The Hive by Gill Hornby

23rd May 2013

the hive gill hornby

The Hive is the highly readable début from former Telegraph columnist Gill Hornby. It centres around the lives of the parents who wait to collect their children at the gates of St Ambrose School, and the intricate social gameplaying that has taken root at the heart of this close-knit society-in-miniature.

The mums and families of St Ambrose pride themselves on ‘looking out for one another’, but from the offset it’s clear the only looking being done is obsessively at each others’ lives.

That, and at where they each stand in the increasingly competitive hive of hierarchy that exists under the school beech tree at picking-up and dropping-off time each day.

At the centre of this swarm is the overpowering (Queen) Bea, who rules over her besotted gaggle of eager-to-please fellow mums, all desperate to keep their place in the group by volunteering to help her ‘invitation only’ fundraising plans – but this year, it seems, things will be different.

For one thing, Bea’s former confidante Rachel appears no longer to be even on her radar, and is anyway seemingly fading away under her post-marriage-breakup haze of misery.

Even apathetic Georgie and Jo get more of a look-in, much to their dismay. Wet and feeble Heather, on the other hand, is desperately determined to escape her lifelong position orbiting around the outskirts of the group, at any cost.

And then there are the newbies – the landrover-driving, pushy rich-ditz Bubba, and the quiet but disarmingly persuasive Melissa, neither of whom seem scared of Bea.

There’s also a fresh headmaster in town with ambitions for a new school library, so a special fundraising committee needs to be formed for the year…

True to its name, there’s certainly a lot going on in The Hive, and with so many characters it’s a mighty challenge to summarise. I was always taught this was a bad thing, but Hornby is adept at giving each woman just enough of the limelight to give a lucid picture of the whole.

The characters – in particular Rachel and Georgie – are wittily written and provoked more than one belly-laugh in a public place, an all-too-rare treat for me when it comes to books.

Bea and Bubba are slightly too two-dimensional, although both provide gripping plot turns and do add generously to the hilarity. Headmaster Tom Orchard also doesn’t quite make it to the three-dimensional, but provides the necessary fuzzy moments in a book that is, on the whole, bravely uninterested in men.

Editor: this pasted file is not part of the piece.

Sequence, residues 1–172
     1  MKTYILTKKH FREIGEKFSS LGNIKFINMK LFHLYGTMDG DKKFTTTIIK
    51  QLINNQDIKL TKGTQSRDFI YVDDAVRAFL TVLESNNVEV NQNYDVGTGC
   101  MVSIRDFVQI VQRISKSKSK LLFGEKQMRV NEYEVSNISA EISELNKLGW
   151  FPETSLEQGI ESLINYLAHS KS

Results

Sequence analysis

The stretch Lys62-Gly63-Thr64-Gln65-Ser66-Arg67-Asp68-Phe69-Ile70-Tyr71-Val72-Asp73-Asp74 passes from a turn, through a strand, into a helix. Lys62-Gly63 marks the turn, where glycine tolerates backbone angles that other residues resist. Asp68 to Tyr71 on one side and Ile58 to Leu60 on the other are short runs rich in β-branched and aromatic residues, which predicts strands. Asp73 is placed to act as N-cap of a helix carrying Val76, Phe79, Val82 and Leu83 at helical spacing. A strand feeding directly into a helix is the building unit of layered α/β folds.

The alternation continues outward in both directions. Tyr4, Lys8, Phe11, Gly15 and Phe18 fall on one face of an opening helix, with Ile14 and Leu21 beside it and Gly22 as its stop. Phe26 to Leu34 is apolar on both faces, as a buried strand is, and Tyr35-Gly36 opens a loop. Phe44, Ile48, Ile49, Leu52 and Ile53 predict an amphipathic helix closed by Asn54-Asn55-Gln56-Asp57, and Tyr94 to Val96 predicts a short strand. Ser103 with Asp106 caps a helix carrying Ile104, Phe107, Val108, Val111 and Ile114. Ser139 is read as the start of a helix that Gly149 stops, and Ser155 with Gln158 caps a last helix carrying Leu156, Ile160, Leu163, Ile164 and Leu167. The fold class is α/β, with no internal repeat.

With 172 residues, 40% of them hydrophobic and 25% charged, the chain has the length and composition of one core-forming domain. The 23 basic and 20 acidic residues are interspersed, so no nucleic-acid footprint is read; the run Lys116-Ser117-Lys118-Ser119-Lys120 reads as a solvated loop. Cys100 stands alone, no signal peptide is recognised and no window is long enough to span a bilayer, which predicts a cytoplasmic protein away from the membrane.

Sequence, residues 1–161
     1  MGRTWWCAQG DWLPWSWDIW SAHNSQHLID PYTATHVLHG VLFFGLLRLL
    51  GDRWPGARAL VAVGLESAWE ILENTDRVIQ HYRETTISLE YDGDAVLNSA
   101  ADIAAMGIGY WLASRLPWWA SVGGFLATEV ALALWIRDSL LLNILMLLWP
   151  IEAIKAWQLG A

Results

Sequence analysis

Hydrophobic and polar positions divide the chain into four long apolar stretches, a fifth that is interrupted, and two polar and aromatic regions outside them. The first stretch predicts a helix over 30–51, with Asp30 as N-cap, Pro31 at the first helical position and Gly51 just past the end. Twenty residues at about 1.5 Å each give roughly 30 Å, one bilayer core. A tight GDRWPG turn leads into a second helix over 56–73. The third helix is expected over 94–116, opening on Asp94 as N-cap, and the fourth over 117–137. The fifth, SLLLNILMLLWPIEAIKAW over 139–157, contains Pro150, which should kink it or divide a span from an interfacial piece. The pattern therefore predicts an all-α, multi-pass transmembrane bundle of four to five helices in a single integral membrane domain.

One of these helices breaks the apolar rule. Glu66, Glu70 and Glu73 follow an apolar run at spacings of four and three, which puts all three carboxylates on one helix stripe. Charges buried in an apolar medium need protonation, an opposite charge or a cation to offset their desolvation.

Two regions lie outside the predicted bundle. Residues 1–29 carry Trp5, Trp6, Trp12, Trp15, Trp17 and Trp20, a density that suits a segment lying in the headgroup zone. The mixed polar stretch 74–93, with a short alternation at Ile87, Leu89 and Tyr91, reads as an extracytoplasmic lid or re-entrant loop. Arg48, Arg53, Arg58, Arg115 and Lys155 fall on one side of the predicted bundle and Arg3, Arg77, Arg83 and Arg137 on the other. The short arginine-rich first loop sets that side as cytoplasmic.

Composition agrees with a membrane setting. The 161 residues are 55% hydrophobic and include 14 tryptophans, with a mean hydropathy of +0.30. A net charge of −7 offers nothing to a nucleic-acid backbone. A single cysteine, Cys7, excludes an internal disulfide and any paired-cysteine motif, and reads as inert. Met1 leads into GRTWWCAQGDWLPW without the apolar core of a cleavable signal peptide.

Of course, the book’s title has significance, and a hive/bee (or should that be Bea?) metaphor runs throughout the book with an almost alarming blatancy that it doesn’t always get away with.

In truth, the occasionally too obvious plot twists and symbolism is the only thing that made the honey of this book slightly on the sickly side (see, now I’m doing it), but I wouldn’t let this dissuade anyone from reading it.

As début novels go, this is impressively absorbing, eventful, and sharp... On the whole, Hornby is to be commended: she already writes with an extraordinarily strong individual voice, something so many writers fail to do successfully until much later in their careers.

As début novels go, this is impressively absorbing, eventful, and sharp – but, while it touches on such issues as depression, suicide, bullying, and obsession, it wasn’t particularly moving.

The Hive isn’t a literary masterpiece, but then it doesn’t set out to be – it’s just a refreshingly enjoyable novel, and I can’t wait to read the follow-up.

The Hive is published in hardback by Little, Brown on 23rd May, and is available from Foyles, Amazon or all good independent bookshops, priced at £12.99. An ebook version is also available, priced at £6.49.

Rating: 3.5/5

Recommended for: Mothers and housewives, teachers and church hall community members, those who want a giggle and a good story.

Other recommended reading: Where Rainbows End by Cecelia Ahern, Bridesmaids by Jane Costello, Seating Arrangements by Maggie Shipstead, Notes on a Scandal by Zoe Heller

Laura Vickers